Distress After Darwin

By: Jim Virkler; ©2010

In the decades after Darwin, we may ask what were the issues of greatest concern in the church. The theory of evolution began to hold sway not only among scientists, but also in the academic world and among Bible believers. Surprisingly, some conservative theologians held an ambivalent stance toward Darwin’s revolutionary proposal. For example, R. A. Torrey (1856-1928), evangelist and pastor associated with Moody Bible Institute, Moody Church, and many other well-known orthodox institutions, alarmed some of his friends in 1925 by saying that a man could “believe thoroughly in the absolute infallibility of the Bible and still be an evolutionist of a certain type.”

Torrey’s statement should not be taken as an endorsement of “molecules to man” evolution. Knowledge of the mechanisms of inheritance has multiplied many times over since Torrey. The evidence for widely-spaced creation events for earth’s life forms is far stronger than evidence for a gradual, naturalistic process. Microevolution, minor changes taking place within species over time, is accepted today even among creationists. It may be regarded as a form of adaptation programmed by the Creator.

Many church leaders in the late 19th century viewed the accelerating belief in evolution as triggering the slide toward higher criticism and erosion of confidence in scripture and Christian orthodoxy. One response to this turn of events was the establishment of the Niagara Bible Conference held from 1876-1897. It brought together hundreds of church leaders, many of them dispensationalists. Dispensational beliefs were partly a response to the rampant higher criticism which was eroding confidence in scripture and traditional biblical truth. Such systematized beliefs strengthened confidence in the literal meaning of scripture concerning end times.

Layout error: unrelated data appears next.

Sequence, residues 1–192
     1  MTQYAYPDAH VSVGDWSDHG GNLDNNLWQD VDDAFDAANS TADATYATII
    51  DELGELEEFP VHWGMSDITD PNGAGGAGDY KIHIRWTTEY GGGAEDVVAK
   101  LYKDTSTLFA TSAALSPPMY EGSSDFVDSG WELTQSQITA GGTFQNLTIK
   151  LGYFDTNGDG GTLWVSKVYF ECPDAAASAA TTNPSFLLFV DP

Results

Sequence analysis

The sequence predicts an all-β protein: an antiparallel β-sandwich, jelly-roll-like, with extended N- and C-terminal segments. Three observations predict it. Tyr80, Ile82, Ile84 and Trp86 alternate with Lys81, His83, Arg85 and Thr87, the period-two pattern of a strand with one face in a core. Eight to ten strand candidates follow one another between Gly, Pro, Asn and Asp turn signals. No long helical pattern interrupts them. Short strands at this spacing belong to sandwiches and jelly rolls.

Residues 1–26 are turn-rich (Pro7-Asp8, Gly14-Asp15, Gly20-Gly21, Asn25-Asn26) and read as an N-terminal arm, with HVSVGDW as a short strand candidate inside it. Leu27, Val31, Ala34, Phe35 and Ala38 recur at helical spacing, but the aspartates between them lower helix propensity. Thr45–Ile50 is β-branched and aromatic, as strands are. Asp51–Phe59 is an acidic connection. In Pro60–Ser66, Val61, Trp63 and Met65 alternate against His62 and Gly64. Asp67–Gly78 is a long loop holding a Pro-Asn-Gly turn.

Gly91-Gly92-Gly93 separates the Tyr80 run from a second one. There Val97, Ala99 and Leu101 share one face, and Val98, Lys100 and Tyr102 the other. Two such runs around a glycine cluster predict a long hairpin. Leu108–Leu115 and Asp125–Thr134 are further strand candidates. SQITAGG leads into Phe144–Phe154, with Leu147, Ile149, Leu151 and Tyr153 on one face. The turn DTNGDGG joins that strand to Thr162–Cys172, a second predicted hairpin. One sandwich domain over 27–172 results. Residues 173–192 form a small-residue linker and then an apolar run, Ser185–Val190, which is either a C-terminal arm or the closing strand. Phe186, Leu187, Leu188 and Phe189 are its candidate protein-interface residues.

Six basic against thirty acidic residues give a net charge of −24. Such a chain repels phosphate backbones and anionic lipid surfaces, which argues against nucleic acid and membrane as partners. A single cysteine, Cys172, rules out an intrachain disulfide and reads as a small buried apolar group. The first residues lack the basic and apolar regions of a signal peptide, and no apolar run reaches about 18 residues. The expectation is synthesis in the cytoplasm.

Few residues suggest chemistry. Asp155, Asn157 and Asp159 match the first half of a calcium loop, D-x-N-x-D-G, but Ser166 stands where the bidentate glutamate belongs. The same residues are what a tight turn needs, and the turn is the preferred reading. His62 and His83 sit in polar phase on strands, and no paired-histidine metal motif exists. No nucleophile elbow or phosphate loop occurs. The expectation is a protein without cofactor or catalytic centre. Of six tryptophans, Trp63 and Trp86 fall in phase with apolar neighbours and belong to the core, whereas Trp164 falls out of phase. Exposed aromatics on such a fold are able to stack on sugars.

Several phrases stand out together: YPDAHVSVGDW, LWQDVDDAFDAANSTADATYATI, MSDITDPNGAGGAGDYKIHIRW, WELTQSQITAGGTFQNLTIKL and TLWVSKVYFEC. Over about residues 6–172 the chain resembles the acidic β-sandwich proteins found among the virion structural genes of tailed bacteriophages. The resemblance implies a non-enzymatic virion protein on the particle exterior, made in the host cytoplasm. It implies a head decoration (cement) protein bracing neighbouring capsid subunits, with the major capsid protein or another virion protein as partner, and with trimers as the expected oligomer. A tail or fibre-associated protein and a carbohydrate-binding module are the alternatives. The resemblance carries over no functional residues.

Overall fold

Considering the diverse time scale views among Christian creationists in our day, we may wonder if topics such as evoution and creationism received the same degree of attention within the church in the late 19th and early 20th centuries. The answer is “no.” Church leaders did not stress six 24-hour creation days, a young earth, and “no death before the fall.” The 14-point Niagara Creed, developed from the decades-long Naiagara Bible Conference, did not contain polemics concerning evolution and time scales of creationism as might be expected, even though evolution had spawned some concern within the church. Rather, the points focused on sound theology and the central elements of the message of Christianity: the authority of scripture, the virgin birth and deity of Jesus, the substitutionary atonement, the resurrection, and His second coming.


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